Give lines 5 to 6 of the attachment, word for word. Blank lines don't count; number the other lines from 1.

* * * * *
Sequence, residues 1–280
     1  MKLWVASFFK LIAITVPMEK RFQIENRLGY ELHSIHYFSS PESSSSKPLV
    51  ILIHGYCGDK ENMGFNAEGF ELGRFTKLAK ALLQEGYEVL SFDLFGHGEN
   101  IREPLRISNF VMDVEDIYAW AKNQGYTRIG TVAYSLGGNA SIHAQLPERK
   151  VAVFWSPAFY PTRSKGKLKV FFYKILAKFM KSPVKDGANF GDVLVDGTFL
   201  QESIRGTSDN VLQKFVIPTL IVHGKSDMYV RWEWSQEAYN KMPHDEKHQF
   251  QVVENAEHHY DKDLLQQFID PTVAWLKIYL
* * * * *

   151  VAVFWSPAFY PTRSKGKLKV FFYKILAKFM KSPVKDGANF GDVLVDGTFL
   201  QESIRGTSDN VLQKFVIPTL IVHGKSDMYV RWEWSQEAYN KMPHDEKHQF